Cases of Lyme Disease Appear to Follow Periodic Cycles Linked to Geography



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We are studying the spread of Lyme disease through Wisconsin. It is important because the number of people diagnosed with Lyme Disease in the US is around 300,000, annually (CDC 2017). The CDC has collected data of reported Lyme Disease cases since 2001. When looking at the data we noticed that the trends of cases of Lyme disease followed a cyclical pattern. The cycles varied widely. We hypothesized that environmental and geographical factors could affect the main vector of Lyme Disease, Ixodes scapularis (the black-legged tick). After analyzing Lyme Disease data from the CDC and using a map making software (Paint Maps 2018), we found that geographical distribution had a marked effect on the rate at which counties cycled between up and down trends in infection rates. These findings are important because they give us more insight into possible control methods to keep the black-legged tick, and therefore Lyme Disease, at a manageable level.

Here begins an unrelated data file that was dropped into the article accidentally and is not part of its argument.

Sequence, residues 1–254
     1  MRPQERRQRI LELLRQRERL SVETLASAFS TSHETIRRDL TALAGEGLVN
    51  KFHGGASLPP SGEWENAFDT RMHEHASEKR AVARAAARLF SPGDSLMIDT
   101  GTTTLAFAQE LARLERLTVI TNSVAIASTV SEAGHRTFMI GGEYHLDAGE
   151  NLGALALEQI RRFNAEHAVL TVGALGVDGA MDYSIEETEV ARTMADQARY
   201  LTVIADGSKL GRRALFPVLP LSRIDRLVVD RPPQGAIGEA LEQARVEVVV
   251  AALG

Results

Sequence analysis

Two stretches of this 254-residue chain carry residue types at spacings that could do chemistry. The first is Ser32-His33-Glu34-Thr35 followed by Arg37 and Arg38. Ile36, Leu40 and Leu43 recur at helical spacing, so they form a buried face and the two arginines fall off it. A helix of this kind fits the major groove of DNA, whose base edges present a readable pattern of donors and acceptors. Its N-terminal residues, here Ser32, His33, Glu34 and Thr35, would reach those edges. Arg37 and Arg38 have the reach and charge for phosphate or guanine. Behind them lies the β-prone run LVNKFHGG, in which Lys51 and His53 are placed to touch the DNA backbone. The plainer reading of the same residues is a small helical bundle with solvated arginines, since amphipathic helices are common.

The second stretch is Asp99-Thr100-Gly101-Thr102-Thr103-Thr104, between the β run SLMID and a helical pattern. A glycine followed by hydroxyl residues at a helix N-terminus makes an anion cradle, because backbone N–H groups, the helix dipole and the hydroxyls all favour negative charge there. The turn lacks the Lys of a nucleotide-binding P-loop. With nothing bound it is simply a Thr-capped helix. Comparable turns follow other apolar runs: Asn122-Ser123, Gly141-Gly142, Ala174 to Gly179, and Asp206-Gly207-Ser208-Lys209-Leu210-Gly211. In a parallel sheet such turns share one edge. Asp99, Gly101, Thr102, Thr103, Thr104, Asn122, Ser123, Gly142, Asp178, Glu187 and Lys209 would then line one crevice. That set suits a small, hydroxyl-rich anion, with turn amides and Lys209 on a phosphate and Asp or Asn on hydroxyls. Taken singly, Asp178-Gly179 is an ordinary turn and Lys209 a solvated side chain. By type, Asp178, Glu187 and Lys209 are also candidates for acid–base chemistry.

Fall 2018